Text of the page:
How Your Brain is Wired For Story

Jaime Mintun Brain & Body Talk 0 Comments

If you’re pressed for time, I recommend tuning in at aroud 2:53 where she explains that her big Ah-Ha moment was realizing that what she deeply believed to her core could be vastly different from what she felt to be true in her lived experience, due to the ability of stories (including those in commercials) to convince her of their version of reality.

If you’re REALLY pressed for time, tune in at about 5:57 where she begins to really dive into how to change people’s thinking (and your life), and why story is more important than exposition or fact.

Other Highlights:

  • Seeing the world through a story’s lens can change that way one sees their world… and can change the way one sees themselves. [Wielded purposefully, the structure of story can be used to shift hardwired perspectives, beliefs and emotional patterns in the brain that ‘positive thinking’ and other mental efforts cannot change.]

    {brackets are my addition to tie this back to how I work with story structure to help you re-author your life}

  • Most of the protests and movements during the 60’s cited the novel To Kill a Mockingbird as the catalyst that sparked their movement
  • You can’t change the way someone thinks about something until you can change the way they feel about it ~ and that requires emotionally investing them in a story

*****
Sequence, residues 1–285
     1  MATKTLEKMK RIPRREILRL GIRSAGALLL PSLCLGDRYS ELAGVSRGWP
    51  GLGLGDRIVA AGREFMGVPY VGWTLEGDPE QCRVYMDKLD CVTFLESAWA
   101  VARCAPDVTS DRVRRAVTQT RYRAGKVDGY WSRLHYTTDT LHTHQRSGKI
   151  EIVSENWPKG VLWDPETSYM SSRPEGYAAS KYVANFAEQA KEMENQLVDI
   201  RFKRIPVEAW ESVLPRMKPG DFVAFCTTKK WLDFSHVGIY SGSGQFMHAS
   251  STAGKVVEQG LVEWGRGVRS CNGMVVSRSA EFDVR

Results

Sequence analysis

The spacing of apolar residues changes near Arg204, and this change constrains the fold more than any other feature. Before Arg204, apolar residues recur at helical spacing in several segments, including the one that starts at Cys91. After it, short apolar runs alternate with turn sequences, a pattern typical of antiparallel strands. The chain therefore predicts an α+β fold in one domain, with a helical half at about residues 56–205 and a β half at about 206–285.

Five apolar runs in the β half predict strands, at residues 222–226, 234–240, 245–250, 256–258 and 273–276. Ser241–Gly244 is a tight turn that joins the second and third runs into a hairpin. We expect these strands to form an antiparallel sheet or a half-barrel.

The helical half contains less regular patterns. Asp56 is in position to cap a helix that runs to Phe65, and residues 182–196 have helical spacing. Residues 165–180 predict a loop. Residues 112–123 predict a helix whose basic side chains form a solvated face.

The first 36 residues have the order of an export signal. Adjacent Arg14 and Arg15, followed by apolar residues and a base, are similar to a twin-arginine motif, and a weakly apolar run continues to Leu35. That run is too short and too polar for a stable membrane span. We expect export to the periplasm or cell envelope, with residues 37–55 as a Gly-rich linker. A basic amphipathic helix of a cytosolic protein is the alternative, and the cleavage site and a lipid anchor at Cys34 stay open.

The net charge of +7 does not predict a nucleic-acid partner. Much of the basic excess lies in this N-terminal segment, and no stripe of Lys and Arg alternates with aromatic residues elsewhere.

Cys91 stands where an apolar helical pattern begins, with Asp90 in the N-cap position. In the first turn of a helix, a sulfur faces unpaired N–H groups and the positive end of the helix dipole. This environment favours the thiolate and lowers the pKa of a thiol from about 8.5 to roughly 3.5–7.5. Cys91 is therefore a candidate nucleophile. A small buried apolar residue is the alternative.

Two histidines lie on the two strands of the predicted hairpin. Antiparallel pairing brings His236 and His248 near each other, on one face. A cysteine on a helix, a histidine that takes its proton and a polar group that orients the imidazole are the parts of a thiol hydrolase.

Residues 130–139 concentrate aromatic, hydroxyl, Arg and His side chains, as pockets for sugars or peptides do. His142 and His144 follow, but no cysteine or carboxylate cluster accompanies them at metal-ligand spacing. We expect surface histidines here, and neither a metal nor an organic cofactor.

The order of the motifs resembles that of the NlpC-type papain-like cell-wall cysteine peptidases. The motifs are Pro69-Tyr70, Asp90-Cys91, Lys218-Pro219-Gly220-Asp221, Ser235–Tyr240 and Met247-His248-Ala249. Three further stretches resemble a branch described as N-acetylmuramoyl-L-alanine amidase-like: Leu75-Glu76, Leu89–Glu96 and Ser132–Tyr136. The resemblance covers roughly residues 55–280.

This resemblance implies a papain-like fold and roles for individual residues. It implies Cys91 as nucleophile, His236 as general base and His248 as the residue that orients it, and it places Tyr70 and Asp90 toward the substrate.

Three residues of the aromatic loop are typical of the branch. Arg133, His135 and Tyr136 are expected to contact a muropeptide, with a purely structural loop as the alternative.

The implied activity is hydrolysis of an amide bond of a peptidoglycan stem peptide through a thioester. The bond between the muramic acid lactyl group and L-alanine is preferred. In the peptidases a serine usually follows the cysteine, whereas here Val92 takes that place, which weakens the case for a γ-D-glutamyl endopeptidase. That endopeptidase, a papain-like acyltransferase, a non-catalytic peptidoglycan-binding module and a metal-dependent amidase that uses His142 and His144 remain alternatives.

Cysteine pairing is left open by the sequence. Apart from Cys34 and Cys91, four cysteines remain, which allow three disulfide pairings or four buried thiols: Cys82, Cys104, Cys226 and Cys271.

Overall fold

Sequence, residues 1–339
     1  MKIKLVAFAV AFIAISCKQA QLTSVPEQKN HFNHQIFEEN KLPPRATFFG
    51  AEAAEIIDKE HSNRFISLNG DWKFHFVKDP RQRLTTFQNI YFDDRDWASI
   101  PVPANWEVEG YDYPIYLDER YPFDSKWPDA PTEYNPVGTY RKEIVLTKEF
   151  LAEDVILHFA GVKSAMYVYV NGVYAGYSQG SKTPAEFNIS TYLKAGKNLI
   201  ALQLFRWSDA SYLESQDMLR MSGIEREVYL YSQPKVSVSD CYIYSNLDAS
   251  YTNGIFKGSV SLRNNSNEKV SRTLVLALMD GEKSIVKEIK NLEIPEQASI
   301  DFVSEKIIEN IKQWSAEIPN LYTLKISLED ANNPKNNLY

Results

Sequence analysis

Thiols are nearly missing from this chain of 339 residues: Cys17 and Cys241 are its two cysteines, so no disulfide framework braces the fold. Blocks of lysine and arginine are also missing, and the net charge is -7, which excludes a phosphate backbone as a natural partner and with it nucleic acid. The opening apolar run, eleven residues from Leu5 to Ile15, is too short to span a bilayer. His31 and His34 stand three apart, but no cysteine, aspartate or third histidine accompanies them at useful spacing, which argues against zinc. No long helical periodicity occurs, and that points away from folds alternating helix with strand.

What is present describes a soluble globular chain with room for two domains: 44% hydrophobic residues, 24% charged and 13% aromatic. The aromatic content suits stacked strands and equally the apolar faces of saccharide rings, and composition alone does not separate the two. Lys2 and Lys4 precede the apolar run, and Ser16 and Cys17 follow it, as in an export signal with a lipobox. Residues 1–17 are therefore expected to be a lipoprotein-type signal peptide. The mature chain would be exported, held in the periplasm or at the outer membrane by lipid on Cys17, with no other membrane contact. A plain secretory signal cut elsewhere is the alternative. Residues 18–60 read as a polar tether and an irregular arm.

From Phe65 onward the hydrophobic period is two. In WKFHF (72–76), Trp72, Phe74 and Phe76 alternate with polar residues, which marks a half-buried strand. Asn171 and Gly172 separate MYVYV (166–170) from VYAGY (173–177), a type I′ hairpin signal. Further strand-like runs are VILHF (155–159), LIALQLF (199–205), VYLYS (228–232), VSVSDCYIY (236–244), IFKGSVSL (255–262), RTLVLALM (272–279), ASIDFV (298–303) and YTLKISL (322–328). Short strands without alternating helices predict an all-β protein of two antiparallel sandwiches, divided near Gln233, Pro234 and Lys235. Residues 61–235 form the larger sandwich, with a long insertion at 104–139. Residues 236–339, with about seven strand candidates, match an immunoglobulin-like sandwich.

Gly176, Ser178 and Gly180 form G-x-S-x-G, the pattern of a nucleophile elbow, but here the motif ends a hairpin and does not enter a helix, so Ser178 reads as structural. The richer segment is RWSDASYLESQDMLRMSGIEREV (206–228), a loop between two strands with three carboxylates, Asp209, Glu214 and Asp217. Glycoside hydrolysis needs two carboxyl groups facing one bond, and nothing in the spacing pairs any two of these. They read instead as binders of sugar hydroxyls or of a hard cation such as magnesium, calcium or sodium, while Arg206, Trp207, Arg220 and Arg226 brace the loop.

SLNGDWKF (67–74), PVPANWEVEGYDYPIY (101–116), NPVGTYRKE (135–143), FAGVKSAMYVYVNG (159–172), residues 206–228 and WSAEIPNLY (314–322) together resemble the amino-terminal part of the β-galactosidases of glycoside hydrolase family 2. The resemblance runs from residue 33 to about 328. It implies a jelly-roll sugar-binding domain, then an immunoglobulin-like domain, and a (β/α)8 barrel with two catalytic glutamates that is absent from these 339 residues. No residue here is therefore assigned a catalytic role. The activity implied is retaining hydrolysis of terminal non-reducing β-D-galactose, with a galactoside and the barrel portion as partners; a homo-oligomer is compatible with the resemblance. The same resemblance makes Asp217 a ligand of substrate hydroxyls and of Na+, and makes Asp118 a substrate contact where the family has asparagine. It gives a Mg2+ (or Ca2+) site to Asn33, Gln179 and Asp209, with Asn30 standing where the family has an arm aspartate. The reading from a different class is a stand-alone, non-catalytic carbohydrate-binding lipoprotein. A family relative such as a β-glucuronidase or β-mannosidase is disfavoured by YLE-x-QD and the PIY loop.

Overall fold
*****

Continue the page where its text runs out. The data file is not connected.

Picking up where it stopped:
• Have you ever encountered someone with the opposite political leaning as you, and you thought, “If I can just get them to understand the real facts here, they’ll get my point of view and agree with me… so let me just explain it all to them one more time…” This is what we do and to everyone’s frustration, it never works
  • The only way to ovveride anything that is hardwired into the architecture of a person’s brain, i.e. their worldview, their beliefs, their habits, and the direction of their life due to those… is through story. It is the only way, because the brain is wired specifically to the structure of story because story provides a context for the facts so the brain can make sense of them and retain them.
  • Without story, we wouldn’t have anything other than the omnipresent now, because story allows us to imagine into the future, and to construct our memories of the past. It’s what allows us to craft meaning from our experiences and to associate a past experience with a current event {and to make meaningful decisions based on that}.
  • Story feels good for the same reason food tastes good ~ because without it we wouldn’t survive.

This video gives a short overview of why it’s important to understand that the brain is wired for story. To understand how, and the ways the brain reacts to story {such as triggering the neurotransmitter dopamine when you hear a story to keep you interested till you hear how it all ends ~ as it was often life-saving information for our ancestors}, you might want to check out Lisa Cron’s book on the subject:

Wired for Story: The Writer’s Guide to Using Brain Science to Hook Readers from the Very First Sentence

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